National Parliament Building —Ala Champ
Ala Champ
00:00/

MOCHISHO SHIZUKU Shinmachi

Utilising Ancient Herbs and Organic Ingredients, Traditional Japanese Sweets With Healing Properties

JAPANESE CRAFTSMANSHIP: BAMBOO WEAVING

In The Quiet Backstreets Of Kyoto's South Higashiya, Find A Master Craftsman

SORANO HOTEL

On The Outskirts Of Central Tokyo Discover True Wellness, And A Spectacular Infinity Pool

Serpentine Pavilion 2022

Artist Theaster Gates Designs the 21st Pavilion

BRUT-AL

Argentinian-Australian Designer Alexander Lotersztain's Ode to Brutalism

Serpentine Pavilions 2000-2021

A Champ Online Retrospective Of Two Decades of The Radical Architectural Event

PURE FORM

The Art Gallery of South Australia Presents Japan's Avant-Garde Ceramics

KABIRA & KANGRI

The Beauty Of Indian Textile Craftsmanship In ISSEY MIYAKE Sub-Brand HaaT's SS22 Collection

NAKAGIN CAPSULE TOWER

End Of An Era For Japanese Architect Kisho Kurokawa's 1972 Metabolist Structure

MIROKU Nara by The Share Hotels

A Sense of Natural Calm At This Design Hotel in Nara, Designed By Keiji Ashizawa & Fumihiko Sano

DENNIS YONG

Melbourne's Bright, Young and Radical Chef Addressing Food Waste through Fermentation

PHOTOGRAPHERS SERIES: NIKKI MCCLARRON

The London-Based Photographer On 'The Beauty Of Unexpected Moments'

MAME KUROGOUCHI Fall Winter 2022

Finding the “Presentness of the Past” in Nagano’s Nature And The Rich History of the Jōmon Period

ISSEY MIYAKE Autumn Winter 2022/23

Designer Satoshi Kondo Embraces The Beauty Of Untamed Nature In 'Sow It and Let It Grow'

FUJIKO NAKAYA

“Nature Controls Herself. I Try To Let Nature Speak.”

UNDERCOVER A/W 22-23 Womens

Cold Flame: Designer Jun Takahashi Explores An Inner Rebellion With Punk Femininity In All Its Forms

National Parliament Building

One of this Twentieth Century’s Most Significant Buildings Designed By Louis Kahn, Found In Dhaka, Bangladesh

October, 2017
National Parliament Building designed by Louis Kahn in Dhaka, Bangladesh, India. © Rayyiu Radzi

Photographer Rayyiu Radzi captures the majestic National Parliament House (also known as the Jatiya Sangsad Bhaban, or National Assembly Building) in Dhaka, Bangladesh designed by renowned architect Louis Kahn.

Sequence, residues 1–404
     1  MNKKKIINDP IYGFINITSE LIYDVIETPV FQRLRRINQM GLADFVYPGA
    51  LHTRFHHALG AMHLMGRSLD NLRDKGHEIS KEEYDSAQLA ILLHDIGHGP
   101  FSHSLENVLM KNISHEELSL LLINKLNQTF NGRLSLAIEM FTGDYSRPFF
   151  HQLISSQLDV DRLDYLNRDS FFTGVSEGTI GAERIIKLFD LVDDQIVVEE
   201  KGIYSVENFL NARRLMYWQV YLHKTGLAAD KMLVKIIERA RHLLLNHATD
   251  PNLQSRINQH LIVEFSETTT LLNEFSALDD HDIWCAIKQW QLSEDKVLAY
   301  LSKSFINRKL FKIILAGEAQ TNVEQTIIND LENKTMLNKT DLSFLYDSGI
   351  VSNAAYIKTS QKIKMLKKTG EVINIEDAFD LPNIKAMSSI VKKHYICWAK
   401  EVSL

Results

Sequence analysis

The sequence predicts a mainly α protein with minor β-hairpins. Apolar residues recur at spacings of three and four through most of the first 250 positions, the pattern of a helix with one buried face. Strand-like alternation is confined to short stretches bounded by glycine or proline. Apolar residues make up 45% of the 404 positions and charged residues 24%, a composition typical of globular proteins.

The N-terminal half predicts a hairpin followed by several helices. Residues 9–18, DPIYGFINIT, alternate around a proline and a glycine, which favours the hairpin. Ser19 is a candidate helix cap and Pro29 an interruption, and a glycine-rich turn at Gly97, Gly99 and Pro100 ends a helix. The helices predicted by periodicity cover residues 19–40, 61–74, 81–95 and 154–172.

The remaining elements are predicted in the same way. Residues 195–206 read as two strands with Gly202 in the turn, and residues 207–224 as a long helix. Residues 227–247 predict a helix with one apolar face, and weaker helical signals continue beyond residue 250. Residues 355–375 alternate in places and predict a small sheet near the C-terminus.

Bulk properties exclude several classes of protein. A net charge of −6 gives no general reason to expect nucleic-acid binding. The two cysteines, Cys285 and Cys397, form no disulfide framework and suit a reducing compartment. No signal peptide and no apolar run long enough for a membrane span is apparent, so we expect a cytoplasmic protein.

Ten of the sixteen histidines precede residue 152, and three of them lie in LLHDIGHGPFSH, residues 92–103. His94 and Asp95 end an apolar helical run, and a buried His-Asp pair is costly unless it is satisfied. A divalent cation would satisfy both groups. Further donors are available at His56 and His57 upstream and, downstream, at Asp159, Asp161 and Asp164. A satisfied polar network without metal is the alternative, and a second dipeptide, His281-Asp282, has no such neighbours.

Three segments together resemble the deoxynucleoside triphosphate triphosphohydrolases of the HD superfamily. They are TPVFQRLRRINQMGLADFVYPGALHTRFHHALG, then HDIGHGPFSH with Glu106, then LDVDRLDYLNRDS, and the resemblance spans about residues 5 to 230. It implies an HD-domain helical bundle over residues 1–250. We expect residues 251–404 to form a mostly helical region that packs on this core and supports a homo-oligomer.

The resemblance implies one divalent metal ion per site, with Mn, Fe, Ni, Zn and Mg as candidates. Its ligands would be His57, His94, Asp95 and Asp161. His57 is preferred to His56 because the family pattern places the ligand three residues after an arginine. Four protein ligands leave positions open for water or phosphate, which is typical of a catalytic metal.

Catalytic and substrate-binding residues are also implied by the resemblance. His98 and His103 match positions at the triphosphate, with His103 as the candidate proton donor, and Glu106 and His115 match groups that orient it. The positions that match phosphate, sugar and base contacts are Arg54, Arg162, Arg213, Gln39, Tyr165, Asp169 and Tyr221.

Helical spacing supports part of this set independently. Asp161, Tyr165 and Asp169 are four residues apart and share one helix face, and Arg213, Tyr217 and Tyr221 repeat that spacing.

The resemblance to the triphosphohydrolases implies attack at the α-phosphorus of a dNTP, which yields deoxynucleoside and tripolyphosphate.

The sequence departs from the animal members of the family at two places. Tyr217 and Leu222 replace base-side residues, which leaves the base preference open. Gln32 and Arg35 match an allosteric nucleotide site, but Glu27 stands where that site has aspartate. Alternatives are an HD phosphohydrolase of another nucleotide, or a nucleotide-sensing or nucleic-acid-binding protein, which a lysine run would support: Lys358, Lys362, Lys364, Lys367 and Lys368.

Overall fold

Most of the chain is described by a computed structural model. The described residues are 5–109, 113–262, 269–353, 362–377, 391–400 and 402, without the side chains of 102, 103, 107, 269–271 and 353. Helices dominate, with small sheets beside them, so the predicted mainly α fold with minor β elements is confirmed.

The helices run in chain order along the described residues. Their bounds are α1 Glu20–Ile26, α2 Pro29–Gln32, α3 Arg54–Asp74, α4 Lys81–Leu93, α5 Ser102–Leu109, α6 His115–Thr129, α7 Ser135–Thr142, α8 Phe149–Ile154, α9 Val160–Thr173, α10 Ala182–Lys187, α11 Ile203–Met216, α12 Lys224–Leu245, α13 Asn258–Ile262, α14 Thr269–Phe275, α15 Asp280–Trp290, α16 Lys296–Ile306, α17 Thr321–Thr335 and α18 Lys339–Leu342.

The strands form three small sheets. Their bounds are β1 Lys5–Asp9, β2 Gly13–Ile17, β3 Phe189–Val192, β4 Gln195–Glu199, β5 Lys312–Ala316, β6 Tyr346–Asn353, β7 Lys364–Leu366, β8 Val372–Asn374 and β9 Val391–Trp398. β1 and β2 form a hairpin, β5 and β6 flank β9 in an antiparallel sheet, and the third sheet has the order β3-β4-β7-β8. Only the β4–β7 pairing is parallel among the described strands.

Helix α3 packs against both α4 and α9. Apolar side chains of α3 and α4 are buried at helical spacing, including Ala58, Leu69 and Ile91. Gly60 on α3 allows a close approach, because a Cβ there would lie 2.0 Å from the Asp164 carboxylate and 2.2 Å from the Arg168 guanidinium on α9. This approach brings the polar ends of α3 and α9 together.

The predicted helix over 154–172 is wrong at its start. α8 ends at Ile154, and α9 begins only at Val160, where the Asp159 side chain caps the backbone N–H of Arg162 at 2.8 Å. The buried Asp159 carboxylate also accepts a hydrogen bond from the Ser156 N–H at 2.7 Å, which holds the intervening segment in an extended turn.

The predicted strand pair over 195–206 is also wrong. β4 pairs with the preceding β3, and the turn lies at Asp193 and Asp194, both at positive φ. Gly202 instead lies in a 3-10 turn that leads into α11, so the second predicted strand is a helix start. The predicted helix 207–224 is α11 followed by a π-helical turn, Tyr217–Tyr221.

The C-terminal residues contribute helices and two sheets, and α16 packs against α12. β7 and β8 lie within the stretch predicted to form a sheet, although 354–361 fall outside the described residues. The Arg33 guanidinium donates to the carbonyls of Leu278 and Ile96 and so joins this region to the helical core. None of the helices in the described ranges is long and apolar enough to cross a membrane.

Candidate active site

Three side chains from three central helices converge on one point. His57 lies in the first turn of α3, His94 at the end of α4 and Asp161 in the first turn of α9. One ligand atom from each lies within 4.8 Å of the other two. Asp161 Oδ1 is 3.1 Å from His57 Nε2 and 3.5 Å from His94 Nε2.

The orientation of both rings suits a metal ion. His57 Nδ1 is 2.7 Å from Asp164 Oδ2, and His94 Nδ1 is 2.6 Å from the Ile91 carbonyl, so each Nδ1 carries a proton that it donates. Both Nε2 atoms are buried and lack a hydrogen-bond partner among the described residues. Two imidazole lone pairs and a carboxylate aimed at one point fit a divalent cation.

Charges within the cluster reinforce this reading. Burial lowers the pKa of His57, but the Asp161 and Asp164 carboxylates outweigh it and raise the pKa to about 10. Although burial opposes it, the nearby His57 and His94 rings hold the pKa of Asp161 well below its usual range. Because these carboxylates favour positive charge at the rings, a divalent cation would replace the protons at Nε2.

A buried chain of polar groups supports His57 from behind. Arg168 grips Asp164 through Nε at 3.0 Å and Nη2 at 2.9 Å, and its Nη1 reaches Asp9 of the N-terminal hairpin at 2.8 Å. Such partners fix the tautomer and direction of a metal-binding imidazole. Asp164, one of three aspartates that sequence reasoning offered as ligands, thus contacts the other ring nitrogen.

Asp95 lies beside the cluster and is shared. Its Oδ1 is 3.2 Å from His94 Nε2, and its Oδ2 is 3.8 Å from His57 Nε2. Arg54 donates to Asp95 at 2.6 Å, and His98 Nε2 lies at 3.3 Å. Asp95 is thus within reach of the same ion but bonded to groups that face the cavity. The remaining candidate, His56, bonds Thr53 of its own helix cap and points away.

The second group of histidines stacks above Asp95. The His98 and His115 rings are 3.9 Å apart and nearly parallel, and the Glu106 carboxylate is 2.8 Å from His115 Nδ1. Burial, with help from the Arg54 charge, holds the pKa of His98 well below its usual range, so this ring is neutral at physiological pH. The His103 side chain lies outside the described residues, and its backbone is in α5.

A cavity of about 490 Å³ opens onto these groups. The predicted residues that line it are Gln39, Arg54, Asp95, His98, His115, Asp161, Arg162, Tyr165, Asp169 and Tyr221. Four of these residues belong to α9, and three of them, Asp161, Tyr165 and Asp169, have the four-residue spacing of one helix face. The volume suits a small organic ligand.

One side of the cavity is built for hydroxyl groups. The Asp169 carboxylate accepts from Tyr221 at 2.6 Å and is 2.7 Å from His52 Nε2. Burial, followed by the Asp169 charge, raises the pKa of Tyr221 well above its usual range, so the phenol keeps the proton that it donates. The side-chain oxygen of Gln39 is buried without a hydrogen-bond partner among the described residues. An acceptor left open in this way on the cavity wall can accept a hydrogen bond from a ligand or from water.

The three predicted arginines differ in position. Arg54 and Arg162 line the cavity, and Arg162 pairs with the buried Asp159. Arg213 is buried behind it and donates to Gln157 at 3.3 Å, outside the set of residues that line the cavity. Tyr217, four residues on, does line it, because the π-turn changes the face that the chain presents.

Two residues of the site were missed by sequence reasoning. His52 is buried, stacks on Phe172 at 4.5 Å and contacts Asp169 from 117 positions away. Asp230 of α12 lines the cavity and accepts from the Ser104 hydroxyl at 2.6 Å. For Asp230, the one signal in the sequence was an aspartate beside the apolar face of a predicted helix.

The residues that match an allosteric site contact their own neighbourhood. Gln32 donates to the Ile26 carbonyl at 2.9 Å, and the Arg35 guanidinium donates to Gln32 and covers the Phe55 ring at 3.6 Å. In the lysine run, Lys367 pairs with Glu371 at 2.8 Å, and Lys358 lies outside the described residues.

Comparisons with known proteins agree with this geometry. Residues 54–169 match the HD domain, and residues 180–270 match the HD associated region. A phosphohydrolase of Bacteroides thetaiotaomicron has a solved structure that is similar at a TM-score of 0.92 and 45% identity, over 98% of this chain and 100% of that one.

It was a significant build and important example of modern architecture, due to it’s ambitious and dedicated team. Done on almost no pay and in one of the poorest cities in the world, it remains a wholeheartedly monumental structure, as it provided Bangladesh an institution for democracy. When Bangladesh had officially become independent from Pakistani rule in December 1971, the project became much more of a symbol of democracy and pride for the Bangali people.

Taking 23 years to build (same as the Taj Mahal), the building was finally complete in 1982. Extraordinarily it was all built by hand, utilising all local materials native to the environment, with thousands of workers carrying baskets of concrete on their heads climbing up and down bamboo scaffolding.

It’s hard not to be mesmerised by the geometric shapes featured prominently in the structure, which are related to abstracted forms found in traditional Bangali culture; creating a marriage of old and new cultural identities. Additionally, channelling light and a natural environmental control system for the interior. It was noted that Kahn’s aim was not to bring natural light inside, but to “conceptualise light as a creator of space.”

National Parliament Building designed by Louis Kahn in Dhaka, Bangladesh, India. © Rayyiu Radzi

Photographer Rayyiu Radzi shot the following images on his Leica M6 and Voigtlander 40mm lens. “Earlier in 2014 I was lucky enough to shoot the majestic work by Louis Kahn. This place is well known as one of the twentieth century’s most significant buildings. It is home to all Bangladesh’s parliamentary activity.” 

National Parliament Building designed by Louis Kahn in Dhaka, Bangladesh, India. © Rayyiu Radzi

Architect Louis Kahn himself had earlier quoted on his design, “In the assembly I have introduced a light-giving element to the interior of the plan. If you see a series of columns you can say that the choice of columns is a choice in light. The columns as solids, frame the spaces of light. Now think of it just in reverse and think that the columns are hollow and much bigger and that their walls can themselves give light, then the voids are rooms, and the column is the maker of light and can take on complex shapes and be the supporter of spaces and give light to spaces. I am working to develop the element to such an extent that it becomes a poetic entity which has its own beauty outside of its place in the composition. In this way it becomes analogous to the solid column I mentioned above as a giver of light.”

National Parliament Building, India. © Rayyiu Radzi
National Parliament Building designed by Louis Kahn in Dhaka, Bangladesh, India. © Rayyiu Radzi
National Parliament Building designed by Louis Kahn in Dhaka, Bangladesh, India. © Rayyiu Radzi
October, 2017